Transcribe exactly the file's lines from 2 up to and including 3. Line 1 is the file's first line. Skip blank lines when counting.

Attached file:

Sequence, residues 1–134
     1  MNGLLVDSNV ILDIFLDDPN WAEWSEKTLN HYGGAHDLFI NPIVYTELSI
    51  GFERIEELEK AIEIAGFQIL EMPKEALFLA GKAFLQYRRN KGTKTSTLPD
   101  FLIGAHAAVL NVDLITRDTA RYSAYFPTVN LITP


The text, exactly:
     1  MNGLLVDSNV ILDIFLDDPN WAEWSEKTLN HYGGAHDLFI NPIVYTELSI
    51  GFERIEELEK AIEIAGFQIL EMPKEALFLA GKAFLQYRRN KGTKTSTLPD